Co-occurrence, co-localization, co-selection: Antimicrobial resistance in agriculture

Antibiotic resistance is a worldwide health risk, but the influence of animal agriculture on the genetic context and enrichment of individual antibiotic resistance alleles remains unclear.



Using quantitative PCR followed by amplicon sequencing, we quantified and sequenced 44 genes related to antibiotic resistance, mobile genetic elements, and bacterial phylogeny in microbiomes from U.S. laboratory swine and from swine farms from three Chinese regions.

We identified highly abundant resistance clusters: groups of resistance and mobile genetic element alleles that cooccur. For example, the abundance of genes conferring resistance to six classes of antibiotics together with class 1 integrase and the abundance of IS6100-type transposons in three Chinese regions are directly correlated. These resistance cluster genes likely colocalize in microbial genomes in the farms. Resistance cluster alleles were dramatically enriched (up to 1 to 10% as abundant as 16S rRNA) and indicate that multidrug-resistant bacteria are likely the norm rather than an exception in these communities. This enrichment largely occurred independently of phylogenetic composition; thus, resistance clusters are likely present in many bacterial taxa.

Furthermore, resistance clusters contain resistance genes that confer resistance to antibiotics independently of their particular use on the farms. Selection for these clusters is likely due to the use of only a subset of the broad range of chemicals to which the clusters confer resistance. The scale of animal agriculture and its wastes, the enrichment and horizontal gene transfer potential of the clusters, and the vicinity of large human populations suggest that managing this resistance reservoir is important for minimizing human risk.

Agricultural antibiotic use results in clusters of cooccurring resistance genes that together confer resistance to multiple antibiotics. The use of a single antibiotic could select for an entire suite of resistance genes if they are genetically linked. No links to bacterial membership were observed for these clusters of resistance genes. These findings urge deeper understanding of colocalization of resistance genes and mobile genetic elements in resistance islands and their distribution throughout antibiotic-exposed microbiomes. As governments seek to combat the rise in antibiotic resistance, a balance is sought between ensuring proper animal health and welfare and preserving medically important antibiotics for therapeutic use. Metagenomic and genomic monitoring will be critical to determine if resistance genes can be reduced in animal microbiomes, or if these gene clusters will continue to be coselected by antibiotics not deemed medically important for human health but used for growth promotion or by medically important antibiotics used therapeutically.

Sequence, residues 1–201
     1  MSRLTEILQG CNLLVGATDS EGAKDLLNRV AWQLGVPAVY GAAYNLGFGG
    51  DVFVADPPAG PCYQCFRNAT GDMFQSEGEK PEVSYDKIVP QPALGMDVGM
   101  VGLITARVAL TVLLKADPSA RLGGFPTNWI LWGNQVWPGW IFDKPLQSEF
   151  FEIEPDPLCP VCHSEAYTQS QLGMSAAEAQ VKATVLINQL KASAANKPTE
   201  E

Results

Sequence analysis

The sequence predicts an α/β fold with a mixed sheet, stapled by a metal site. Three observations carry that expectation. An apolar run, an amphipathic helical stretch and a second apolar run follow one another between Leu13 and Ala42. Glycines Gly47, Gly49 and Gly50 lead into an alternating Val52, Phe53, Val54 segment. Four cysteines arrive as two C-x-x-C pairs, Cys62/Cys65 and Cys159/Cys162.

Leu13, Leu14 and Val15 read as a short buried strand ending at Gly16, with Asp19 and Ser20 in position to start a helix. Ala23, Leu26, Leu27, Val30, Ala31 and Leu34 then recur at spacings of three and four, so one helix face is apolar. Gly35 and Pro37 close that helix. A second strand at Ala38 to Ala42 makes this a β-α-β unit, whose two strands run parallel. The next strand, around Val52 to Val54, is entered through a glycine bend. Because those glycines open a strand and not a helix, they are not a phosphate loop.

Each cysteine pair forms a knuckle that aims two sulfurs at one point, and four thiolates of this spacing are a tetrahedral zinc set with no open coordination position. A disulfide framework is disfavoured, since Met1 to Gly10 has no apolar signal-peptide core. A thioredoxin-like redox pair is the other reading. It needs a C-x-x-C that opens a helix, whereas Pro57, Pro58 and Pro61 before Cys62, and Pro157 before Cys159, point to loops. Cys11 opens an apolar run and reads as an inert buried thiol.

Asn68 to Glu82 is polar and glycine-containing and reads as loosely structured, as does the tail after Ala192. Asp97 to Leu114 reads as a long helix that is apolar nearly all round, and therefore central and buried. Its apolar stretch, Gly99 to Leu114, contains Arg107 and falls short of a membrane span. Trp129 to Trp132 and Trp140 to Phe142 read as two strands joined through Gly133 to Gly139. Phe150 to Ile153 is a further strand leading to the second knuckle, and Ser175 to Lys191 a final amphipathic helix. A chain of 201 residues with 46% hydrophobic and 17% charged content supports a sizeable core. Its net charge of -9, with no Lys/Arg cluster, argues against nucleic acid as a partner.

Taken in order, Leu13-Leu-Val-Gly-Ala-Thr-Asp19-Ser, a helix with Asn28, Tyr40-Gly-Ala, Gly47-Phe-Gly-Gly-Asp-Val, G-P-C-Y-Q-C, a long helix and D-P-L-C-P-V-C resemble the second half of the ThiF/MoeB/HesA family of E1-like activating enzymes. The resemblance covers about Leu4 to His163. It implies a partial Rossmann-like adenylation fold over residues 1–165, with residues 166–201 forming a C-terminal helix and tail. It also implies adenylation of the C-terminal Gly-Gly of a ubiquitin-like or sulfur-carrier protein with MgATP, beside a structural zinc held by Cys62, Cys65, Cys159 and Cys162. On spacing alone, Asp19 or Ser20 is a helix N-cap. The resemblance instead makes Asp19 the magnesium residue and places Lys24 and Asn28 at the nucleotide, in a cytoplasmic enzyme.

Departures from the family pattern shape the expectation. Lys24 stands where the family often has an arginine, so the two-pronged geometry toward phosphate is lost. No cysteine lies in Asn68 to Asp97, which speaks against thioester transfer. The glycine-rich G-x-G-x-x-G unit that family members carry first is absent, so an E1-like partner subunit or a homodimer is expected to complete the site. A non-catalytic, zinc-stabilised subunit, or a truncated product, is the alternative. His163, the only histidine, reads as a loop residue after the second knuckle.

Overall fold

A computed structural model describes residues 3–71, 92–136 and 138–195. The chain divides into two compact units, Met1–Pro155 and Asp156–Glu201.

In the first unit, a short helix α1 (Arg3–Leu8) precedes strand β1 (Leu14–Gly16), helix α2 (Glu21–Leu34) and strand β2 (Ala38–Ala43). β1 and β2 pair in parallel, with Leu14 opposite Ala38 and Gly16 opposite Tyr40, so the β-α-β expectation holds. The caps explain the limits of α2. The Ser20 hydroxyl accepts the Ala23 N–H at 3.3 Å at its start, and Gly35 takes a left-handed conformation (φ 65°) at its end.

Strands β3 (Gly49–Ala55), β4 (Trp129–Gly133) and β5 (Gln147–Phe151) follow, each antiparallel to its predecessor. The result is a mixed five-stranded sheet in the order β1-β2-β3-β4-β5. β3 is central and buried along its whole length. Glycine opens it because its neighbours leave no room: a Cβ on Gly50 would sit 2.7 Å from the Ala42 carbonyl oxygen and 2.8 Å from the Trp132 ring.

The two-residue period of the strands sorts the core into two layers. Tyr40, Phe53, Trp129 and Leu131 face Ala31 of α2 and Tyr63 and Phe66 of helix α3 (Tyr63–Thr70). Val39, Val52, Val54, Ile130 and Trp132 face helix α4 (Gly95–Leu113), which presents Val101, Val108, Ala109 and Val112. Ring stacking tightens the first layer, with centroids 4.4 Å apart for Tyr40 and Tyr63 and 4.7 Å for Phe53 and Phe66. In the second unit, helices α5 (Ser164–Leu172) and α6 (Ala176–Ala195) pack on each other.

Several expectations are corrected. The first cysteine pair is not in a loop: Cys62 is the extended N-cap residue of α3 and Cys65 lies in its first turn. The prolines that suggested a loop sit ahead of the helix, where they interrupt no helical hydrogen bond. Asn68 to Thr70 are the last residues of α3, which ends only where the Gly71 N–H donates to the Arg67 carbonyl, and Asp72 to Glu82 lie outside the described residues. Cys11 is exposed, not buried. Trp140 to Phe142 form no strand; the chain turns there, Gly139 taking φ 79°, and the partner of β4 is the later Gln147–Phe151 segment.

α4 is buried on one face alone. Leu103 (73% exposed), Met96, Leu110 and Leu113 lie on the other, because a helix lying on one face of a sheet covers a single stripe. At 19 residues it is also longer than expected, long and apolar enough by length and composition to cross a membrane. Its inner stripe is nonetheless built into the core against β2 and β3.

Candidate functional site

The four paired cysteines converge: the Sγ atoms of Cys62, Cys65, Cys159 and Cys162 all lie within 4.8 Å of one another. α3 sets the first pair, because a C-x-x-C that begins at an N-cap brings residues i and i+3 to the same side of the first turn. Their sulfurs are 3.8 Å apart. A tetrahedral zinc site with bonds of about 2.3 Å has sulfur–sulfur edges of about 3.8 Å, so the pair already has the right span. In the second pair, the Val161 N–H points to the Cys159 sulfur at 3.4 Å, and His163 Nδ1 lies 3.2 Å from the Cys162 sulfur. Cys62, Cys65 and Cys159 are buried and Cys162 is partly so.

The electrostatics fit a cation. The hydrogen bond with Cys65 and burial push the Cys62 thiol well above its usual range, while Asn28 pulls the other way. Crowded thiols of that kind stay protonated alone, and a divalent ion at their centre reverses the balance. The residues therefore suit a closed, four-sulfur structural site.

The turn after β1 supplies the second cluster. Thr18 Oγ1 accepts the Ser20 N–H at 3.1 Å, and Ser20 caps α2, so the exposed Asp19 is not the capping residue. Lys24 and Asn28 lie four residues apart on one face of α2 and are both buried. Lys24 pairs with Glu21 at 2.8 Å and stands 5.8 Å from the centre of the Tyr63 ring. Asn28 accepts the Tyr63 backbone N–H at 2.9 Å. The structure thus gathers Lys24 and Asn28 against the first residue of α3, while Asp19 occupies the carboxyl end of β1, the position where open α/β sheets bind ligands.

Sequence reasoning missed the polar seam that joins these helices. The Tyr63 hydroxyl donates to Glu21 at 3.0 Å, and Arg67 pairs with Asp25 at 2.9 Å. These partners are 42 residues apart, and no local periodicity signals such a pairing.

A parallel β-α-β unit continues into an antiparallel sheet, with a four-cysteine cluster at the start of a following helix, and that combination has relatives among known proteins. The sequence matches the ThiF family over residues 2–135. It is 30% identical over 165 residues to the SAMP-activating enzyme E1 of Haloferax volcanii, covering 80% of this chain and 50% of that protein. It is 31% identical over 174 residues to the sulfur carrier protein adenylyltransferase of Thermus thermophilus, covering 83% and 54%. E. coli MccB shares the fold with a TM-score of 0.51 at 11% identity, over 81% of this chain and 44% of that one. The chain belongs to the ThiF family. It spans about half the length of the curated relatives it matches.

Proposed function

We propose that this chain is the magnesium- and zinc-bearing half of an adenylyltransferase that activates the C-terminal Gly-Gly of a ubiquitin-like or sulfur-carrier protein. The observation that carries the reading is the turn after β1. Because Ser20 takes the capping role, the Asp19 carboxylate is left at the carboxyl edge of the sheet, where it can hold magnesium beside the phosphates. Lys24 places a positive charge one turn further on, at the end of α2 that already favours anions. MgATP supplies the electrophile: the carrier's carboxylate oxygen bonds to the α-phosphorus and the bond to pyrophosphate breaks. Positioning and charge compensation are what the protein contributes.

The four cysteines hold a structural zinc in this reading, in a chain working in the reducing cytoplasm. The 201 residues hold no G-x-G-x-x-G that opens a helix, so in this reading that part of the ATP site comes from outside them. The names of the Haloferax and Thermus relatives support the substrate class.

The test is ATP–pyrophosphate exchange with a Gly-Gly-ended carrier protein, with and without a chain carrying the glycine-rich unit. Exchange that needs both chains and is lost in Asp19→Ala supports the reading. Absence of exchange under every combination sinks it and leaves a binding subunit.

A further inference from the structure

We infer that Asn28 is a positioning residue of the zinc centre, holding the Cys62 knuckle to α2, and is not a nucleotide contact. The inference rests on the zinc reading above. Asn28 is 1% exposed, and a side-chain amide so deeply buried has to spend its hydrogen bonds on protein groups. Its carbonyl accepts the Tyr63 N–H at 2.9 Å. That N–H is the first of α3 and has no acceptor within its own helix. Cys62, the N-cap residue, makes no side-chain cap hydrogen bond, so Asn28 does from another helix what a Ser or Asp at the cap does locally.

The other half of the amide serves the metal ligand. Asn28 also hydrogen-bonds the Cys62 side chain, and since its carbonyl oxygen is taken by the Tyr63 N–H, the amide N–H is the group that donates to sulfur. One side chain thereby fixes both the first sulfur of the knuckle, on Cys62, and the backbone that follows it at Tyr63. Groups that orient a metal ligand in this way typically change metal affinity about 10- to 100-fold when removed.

Clusters of antibiotic resistance genes enrich together stay together in swine agriculture

Timothy A. Johnsona,b,f, Robert D. Stedtfelda,c, Qiong Wanga, James R. Colea, Syed A. Hashshama,c, Torey Looftf, Yong-Guan Zhud,e, James M. Tiedjea,b


mBio, Volume 7, Number 2, doi: 10.1128/mBio.02214-15

A review on antimicrobial resistance in agriculture is also available.

In this article, the current knowledge and knowledge gaps in the emergence and spread of antimicrobial resistance (AMR) in livestock and plants and importance in terms of animal and human health are discussed. Some recommendations are provided for generation of the data required in order to develop risk assessments for AMR within agriculture and for risks through the food chain to animals and humans.

Sophie Thannera, David Drissnerb,  Fiona Walshc


mBio, Volume 7, Number 2, doi: 10.1128/mBio.02227-1

Imagine if this applied to food reviews: UK hotel guests outraged by fine for leaving bad review

A British budget hotel that fined a couple 100 pounds (AUD$180) for writing a bad review about it online has agreed to pay them back and drop its policy of penalising guests who do that, officials said.

bad.reviewTony and Jan Jenkinson told the BBC they discovered the charge on their credit card shortly after they called the hotel as a “filthy, dirty, rotten, stinking hovel” on the travel website TripAdvisor.

The Jenkinsons said that when they questioned the charge from the Broadway Hotel in Blackpool, a seaside town in north-western England, it pointed out the “no-bad-review policy” in its terms and conditions.

Blackpool Council, which investigated the case, said the hotel has now complied with its request to remove the policy.

Risk factors for microbial contamination in fruits and vegetables at the preharvest Level: A systematic review

An abstract from the current issue of Journal of Food Protection: